Invocation is steeped in the practices of kabbalists, hermeticists, and other ritual magicians. Calling on one’s chosen deity can be a very important part of meditation as well. This practice likely stems from Buddhist deity yoga, where one visualizes mandalas associated with their chosen deity with the goal of reaching divinity. With invocation meditation, one’s goal is to ask the deity for assistance in bettering themselves, and to eventually become one with their own internal divinity.
- Get in comfortable clothing and sit somewhere, preferably in the lotus position. You will want to surround yourself with things associated with your chosen deity, such as incense, herbs, colors, rocks, statues of said deity, etc. You can do the meditation without these things, but it is more effective if you have them.
- Begin your meditation by relaxing yourself and focusing on your breath. Try to breathe deeper than you normally would. Do this for as long as you need to achieve a completely relaxed state. The closer you can get to a trance, the better.
- Either out loud or internally, speak (or vibrate) the name of your chosen deity. Do this slowly and speak it as you exhale. Focus strongly on the name as you speak it, and enunciate it distinctly. Put meaning into the name as you speak it. Continue doing this for a minute or two.
- Speak a mantra or prayer of your intention to your deity. Before you begin your meditation, think of why you want to invoke this deity. If you are invoking Athena, is it because you desire wisdom, or do you desire power? What way do you want to use it? You can find some prayers and mantras online, but I find it’s more useful to come up with your own. You’ll generally want to open the prayer with praises to the deity, and then state your request, and then close the prayer by giving them thanks.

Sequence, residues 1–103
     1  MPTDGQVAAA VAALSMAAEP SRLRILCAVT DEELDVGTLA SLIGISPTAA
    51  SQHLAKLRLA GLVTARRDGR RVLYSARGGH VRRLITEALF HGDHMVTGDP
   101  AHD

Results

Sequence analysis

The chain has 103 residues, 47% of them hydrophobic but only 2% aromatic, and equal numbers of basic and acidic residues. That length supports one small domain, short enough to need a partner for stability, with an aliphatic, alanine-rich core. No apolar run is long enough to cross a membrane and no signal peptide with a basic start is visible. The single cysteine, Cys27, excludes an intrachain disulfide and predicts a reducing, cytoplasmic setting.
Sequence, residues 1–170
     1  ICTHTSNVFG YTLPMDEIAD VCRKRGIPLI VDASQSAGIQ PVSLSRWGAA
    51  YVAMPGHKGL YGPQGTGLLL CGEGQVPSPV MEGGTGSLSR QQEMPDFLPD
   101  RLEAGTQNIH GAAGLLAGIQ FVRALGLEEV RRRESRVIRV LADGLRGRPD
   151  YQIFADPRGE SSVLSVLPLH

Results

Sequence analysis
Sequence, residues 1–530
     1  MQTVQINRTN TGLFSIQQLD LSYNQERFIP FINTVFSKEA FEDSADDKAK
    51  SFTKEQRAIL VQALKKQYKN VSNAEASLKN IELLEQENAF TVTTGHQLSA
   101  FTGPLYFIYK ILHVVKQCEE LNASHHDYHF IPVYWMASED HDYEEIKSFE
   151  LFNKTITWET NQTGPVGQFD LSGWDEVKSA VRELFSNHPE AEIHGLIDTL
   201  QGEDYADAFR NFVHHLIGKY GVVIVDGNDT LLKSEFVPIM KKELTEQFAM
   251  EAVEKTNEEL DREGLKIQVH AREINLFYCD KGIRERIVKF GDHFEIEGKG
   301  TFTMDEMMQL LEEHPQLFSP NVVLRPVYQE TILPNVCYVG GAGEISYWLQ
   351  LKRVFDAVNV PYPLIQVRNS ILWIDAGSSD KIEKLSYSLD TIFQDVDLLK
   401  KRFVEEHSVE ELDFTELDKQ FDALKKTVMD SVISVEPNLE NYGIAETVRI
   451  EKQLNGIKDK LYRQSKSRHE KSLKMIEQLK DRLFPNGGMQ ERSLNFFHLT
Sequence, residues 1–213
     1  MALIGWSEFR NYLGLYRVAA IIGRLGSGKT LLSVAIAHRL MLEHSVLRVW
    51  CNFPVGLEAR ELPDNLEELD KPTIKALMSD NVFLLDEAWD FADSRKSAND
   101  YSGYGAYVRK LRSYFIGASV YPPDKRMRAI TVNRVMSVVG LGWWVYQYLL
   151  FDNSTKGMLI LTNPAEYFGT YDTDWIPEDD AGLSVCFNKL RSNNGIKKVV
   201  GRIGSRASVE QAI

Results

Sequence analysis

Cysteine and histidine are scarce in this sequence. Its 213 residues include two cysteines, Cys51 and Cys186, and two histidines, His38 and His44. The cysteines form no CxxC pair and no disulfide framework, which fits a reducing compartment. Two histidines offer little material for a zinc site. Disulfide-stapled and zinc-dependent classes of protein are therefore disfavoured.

- After this, you will want to slowly come out of your trance state and back to reality. Take your time with this part, and don’t come back until you feel you are ready. You don’t want to be back in reality until you are mentally prepared, otherwise you may stay in a pseudo-trance for longer than you intended.
This method of meditation should be used sparingly, unless you want to incorporate it into a devotional practice, in which case you can do it every few days or even daily, but only if you are experienced with this deity. Otherwise, only invoke a deity if you are specifically asking for assistance, and use this only when needed. This method can be very exhausting, and you don’t want to anger a deity by accident.
As meditation becomes more widely accepted and practised, you may want to try it yourself. I would definitely recommend thought or breathing meditation to begin, as their benefits are great and it takes very little to get started. Once you get more comfortable in your practice, consider researching other types of meditation (There are many more than what I have listed here) to add to your daily spiritual practice. There’s no bad way to meditate, and you will only get better as you practice. So start soon and practice every day! It can only benefit you.
Image credit: Tarcio Saraiva
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Makenzie is budtender by day and occulture writer by night. She lives peacefully with her partner and two cats in the pacific north west listening to records.